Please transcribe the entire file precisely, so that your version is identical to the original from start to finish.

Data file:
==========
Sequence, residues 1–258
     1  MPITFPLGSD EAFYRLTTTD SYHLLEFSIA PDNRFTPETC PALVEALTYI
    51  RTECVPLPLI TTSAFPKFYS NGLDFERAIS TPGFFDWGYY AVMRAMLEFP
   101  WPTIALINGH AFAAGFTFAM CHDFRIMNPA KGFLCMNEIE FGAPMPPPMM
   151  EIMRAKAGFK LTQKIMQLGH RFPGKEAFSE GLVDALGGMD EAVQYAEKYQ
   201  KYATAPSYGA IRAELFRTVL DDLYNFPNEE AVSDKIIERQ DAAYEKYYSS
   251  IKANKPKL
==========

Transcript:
Sequence, residues 1–258
     1  MPITFPLGSD EAFYRLTTTD SYHLLEFSIA PDNRFTPETC PALVEALTYI
    51  RTECVPLPLI TTSAFPKFYS NGLDFERAIS TPGFFDWGYY AVMRAMLEFP
   101  WPTIALINGH AFAAGFTFAM CHDFRIMNPA KGFLCMNEIE FGAPMPPPMM
   151  EIMRAKAGFK LTQKIMQLGH RFPGKEAFSE GLVDALGGMD EAVQYAEKYQ
   201  KYATAPSYGA IRAELFRTVL DDLYNFPNEE AVSDKIIERQ DAAYEKYYSS
   251  IKANKPKL